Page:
When Napoleon Bonaparte staged a coup d’état to oust the civilian government of the Directorate in France, he justified his actions as necessary to save the spirit of the Revolution. The army, in Napoleon’s view, had a solemn obligation to defend the nation against threats both at home and abroad.
The notion that a military, as guardians of a national spirit, has the right to seize the authority of the state became known as Bonapartism. This seemingly persistent belief in certain militaries in Africa emphasizes the need for comprehensive reform.
Military regimes can perceive themselves to be better at governance than civilians. The simplicity of efficiently carrying out orders stands in stark contrast to the seemingly endless bureaucracy impeded by incompetence and corruption. In crises where politics leads to impasses in service delivery, the military’s projection as being “above politics” can help it seize and keep power in fragile states.
Despite the anti-French rhetoric of coup leaders in Africa, many of them nonetheless invoke this spirit of Bonapartism in acting to “save” the state. As the French Revolution began to eat itself under the Reign of Terror, for Napoleon the only means to preserve the Revolution was for its defenders to remove the civilian leadership by force.
This was no singular event. Several times in the 19th and 20th centuries, the French army forced dramatic changes in the state whenever the national spirit had been challenged. Bonapartism furthermore formed a significant part of military formation in France’s colonies, particularly in Africa.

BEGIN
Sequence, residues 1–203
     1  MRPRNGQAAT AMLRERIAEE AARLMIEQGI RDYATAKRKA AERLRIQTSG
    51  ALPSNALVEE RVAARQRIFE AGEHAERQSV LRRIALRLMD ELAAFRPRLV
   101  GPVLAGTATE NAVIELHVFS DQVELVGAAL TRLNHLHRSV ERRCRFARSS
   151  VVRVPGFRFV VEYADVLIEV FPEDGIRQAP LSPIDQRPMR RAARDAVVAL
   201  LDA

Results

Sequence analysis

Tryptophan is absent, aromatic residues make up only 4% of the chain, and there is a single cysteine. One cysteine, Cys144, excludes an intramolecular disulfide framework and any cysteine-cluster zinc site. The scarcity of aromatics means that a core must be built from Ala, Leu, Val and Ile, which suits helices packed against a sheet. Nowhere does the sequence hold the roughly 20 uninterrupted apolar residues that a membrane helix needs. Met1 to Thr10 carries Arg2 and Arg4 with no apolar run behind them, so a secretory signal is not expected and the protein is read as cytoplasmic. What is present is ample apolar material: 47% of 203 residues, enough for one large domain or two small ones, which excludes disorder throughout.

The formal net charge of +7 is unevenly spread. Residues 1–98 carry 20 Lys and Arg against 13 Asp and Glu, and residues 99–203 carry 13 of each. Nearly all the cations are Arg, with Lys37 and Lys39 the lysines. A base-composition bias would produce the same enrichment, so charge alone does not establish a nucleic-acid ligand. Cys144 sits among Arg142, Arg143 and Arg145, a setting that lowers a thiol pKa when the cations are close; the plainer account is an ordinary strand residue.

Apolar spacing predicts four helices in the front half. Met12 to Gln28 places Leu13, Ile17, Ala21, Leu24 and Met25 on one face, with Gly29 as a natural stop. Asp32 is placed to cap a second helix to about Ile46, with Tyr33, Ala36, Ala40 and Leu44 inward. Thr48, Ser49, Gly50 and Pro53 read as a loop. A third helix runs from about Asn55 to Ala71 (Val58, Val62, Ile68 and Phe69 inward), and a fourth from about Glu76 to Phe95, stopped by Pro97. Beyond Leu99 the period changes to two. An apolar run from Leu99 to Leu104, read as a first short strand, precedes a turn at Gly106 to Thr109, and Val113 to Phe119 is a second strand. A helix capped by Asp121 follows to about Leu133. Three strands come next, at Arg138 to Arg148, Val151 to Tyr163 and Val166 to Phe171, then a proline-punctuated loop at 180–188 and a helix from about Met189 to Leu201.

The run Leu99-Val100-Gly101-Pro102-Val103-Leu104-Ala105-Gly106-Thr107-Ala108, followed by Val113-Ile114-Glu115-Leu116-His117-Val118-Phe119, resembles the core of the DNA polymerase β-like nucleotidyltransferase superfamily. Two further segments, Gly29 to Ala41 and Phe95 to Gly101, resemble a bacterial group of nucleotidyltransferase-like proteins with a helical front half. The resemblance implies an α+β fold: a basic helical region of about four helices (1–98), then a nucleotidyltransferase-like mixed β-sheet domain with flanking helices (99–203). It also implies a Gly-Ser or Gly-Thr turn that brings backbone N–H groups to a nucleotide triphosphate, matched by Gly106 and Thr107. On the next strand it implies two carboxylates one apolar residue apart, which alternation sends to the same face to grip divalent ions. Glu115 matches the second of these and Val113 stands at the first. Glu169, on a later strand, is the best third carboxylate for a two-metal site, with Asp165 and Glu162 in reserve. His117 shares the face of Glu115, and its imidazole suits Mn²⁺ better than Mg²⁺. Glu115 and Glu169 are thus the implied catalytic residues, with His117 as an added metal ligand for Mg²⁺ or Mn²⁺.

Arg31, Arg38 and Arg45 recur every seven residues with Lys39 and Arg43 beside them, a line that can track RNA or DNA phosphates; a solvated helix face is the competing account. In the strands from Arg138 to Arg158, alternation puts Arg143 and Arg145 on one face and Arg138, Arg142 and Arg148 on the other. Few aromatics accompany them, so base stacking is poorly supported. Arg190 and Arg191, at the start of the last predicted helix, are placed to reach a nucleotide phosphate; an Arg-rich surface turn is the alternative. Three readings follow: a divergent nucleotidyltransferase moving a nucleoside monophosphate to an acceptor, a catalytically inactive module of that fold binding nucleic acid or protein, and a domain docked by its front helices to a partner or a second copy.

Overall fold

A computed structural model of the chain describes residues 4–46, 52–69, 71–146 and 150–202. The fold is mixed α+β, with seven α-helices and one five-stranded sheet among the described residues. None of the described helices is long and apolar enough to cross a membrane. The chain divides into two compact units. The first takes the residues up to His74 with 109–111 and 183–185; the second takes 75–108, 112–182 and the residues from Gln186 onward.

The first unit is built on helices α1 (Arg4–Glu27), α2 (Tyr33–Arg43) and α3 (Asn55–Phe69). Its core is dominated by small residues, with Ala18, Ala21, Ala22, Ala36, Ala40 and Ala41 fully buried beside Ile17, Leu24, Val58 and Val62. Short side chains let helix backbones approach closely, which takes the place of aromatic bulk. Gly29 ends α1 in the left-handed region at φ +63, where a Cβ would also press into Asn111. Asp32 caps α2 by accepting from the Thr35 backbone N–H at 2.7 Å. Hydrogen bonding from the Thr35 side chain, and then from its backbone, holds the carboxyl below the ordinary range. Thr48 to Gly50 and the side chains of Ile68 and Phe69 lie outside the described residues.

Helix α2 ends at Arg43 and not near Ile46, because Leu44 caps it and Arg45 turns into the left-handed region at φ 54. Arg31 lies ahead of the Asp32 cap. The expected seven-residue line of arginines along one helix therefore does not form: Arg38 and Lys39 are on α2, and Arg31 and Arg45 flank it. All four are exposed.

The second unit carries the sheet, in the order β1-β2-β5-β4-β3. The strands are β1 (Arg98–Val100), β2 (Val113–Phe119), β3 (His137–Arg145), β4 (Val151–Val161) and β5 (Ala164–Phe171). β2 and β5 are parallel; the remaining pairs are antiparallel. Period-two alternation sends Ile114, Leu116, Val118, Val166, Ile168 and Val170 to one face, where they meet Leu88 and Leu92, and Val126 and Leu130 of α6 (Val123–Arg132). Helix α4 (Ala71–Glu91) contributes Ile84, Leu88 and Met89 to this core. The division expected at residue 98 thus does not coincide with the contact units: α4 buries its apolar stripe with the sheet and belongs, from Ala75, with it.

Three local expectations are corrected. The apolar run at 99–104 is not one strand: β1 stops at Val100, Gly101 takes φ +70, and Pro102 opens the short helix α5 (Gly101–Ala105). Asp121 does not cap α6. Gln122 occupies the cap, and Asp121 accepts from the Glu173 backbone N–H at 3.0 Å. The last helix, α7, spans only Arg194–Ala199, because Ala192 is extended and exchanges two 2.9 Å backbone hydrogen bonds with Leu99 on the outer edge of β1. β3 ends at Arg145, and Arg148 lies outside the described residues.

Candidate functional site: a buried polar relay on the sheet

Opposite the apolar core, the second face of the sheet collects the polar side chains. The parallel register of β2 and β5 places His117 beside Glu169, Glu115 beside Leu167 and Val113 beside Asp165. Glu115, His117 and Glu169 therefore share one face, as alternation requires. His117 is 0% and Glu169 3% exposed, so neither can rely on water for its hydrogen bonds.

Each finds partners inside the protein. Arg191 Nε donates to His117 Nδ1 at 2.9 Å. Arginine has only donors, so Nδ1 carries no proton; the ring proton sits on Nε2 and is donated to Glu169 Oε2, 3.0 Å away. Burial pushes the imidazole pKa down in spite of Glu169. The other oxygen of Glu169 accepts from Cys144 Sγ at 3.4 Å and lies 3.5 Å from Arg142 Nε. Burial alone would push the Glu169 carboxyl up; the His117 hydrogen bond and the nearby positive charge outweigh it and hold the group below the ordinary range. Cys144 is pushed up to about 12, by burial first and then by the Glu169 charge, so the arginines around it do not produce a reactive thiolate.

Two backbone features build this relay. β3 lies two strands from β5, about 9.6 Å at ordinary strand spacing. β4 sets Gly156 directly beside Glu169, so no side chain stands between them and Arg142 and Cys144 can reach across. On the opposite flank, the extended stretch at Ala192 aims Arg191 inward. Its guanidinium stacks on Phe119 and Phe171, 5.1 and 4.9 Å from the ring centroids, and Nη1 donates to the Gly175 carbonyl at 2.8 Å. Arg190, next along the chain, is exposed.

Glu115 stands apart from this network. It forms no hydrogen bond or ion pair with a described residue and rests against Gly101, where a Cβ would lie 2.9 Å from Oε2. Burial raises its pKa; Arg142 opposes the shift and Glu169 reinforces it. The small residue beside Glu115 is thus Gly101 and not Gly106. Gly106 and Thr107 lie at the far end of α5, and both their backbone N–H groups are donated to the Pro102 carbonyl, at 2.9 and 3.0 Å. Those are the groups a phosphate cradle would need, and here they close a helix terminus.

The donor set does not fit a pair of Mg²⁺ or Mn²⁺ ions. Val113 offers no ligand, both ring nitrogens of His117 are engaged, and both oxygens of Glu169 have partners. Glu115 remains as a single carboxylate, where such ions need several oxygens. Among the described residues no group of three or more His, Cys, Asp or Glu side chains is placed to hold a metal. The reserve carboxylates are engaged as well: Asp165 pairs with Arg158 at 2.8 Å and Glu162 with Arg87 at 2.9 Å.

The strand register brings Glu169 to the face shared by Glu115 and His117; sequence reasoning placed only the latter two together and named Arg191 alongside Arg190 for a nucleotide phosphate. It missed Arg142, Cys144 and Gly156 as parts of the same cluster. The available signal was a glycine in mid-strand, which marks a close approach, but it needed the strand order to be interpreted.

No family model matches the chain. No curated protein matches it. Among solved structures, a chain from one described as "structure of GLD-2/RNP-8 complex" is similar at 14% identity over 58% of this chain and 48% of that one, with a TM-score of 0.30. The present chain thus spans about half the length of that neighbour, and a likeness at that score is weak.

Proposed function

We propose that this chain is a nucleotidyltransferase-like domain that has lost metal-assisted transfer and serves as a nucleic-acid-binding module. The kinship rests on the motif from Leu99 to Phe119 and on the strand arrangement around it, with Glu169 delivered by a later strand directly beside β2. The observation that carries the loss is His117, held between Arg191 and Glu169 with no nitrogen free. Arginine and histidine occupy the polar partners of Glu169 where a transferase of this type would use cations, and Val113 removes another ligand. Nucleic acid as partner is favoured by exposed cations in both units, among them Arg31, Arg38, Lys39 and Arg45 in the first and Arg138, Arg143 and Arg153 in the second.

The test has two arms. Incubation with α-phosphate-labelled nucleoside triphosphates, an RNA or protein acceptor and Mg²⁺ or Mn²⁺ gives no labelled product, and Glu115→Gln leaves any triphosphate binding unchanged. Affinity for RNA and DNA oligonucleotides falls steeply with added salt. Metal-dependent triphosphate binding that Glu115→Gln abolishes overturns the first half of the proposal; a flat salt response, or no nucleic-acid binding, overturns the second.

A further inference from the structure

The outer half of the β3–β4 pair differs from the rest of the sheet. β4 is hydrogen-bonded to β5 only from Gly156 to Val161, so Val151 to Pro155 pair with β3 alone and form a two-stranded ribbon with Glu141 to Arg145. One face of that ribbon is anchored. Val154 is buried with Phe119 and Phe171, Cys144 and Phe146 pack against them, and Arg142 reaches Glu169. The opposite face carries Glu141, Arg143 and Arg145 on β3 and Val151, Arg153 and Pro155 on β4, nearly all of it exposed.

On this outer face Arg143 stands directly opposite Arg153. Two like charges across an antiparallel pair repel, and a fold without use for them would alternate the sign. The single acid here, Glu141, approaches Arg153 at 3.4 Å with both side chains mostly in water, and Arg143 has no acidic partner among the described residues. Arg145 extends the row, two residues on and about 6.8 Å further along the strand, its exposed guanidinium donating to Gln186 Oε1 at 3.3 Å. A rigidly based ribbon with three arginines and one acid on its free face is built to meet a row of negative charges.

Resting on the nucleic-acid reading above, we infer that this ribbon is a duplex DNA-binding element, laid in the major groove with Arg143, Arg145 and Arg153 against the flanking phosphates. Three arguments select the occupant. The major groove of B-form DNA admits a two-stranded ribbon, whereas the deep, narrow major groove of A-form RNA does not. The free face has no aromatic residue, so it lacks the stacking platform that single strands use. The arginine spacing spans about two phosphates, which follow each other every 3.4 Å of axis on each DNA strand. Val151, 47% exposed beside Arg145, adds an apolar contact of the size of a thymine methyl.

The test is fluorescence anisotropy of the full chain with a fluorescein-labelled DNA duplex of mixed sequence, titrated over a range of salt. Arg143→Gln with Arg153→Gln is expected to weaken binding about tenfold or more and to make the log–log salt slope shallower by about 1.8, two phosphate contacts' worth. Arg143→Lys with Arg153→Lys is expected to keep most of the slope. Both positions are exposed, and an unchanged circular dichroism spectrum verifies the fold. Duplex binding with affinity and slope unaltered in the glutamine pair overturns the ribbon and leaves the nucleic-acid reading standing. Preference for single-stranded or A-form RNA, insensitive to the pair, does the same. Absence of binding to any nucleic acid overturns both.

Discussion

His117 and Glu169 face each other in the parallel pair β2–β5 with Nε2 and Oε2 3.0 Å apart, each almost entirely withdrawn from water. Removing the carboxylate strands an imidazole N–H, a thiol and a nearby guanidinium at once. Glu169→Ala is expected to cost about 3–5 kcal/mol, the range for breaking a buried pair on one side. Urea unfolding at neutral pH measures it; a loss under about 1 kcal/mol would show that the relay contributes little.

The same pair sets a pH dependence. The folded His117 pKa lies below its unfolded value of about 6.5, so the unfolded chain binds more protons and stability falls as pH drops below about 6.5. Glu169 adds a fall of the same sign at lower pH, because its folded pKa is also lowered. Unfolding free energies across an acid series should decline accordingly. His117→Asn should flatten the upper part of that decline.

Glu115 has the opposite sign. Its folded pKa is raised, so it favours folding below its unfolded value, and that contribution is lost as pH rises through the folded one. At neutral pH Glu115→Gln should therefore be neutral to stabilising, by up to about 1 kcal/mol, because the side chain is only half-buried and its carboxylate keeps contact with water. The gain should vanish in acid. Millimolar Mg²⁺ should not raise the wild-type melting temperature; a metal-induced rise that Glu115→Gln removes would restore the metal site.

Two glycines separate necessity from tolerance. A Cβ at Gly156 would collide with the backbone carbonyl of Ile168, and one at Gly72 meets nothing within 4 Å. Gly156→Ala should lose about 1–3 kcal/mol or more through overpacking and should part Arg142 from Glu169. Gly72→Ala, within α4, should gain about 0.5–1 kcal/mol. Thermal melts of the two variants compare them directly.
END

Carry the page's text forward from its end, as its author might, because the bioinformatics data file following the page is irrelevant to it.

The problem with Bonapartism is that it has greatly undermined attempts to professionalize security forces. When we speak of professional soldiers outside of a (former) colonial setting, we mean a trained soldier who readily accepts and defends civilian authority. Such a situation is so taken for granted today that we do not always appreciate how necessary this is for a thriving democracy.
If a military perceives itself to be better, more competent, or in some way less fallible than the civilian government, then a risk of Bonapartism can persist regardless of how well trained they might be. U.S. training of officers, such as those in Niger, may unintentionally lead to a growing confidence in the military about their competence and increase the risk of a takeover.
The officers leading the coups in Niger and Gabon cite persistent civilian misrule, aided in no small part by continued French dominance in domestic political and economic policies in both countries, as the primary justification for their intervention. They present themselves as acting in the best interests of the nations they are nominally intended to protect. Seizing power away from incompetent civilians is merely a continuation of their duty.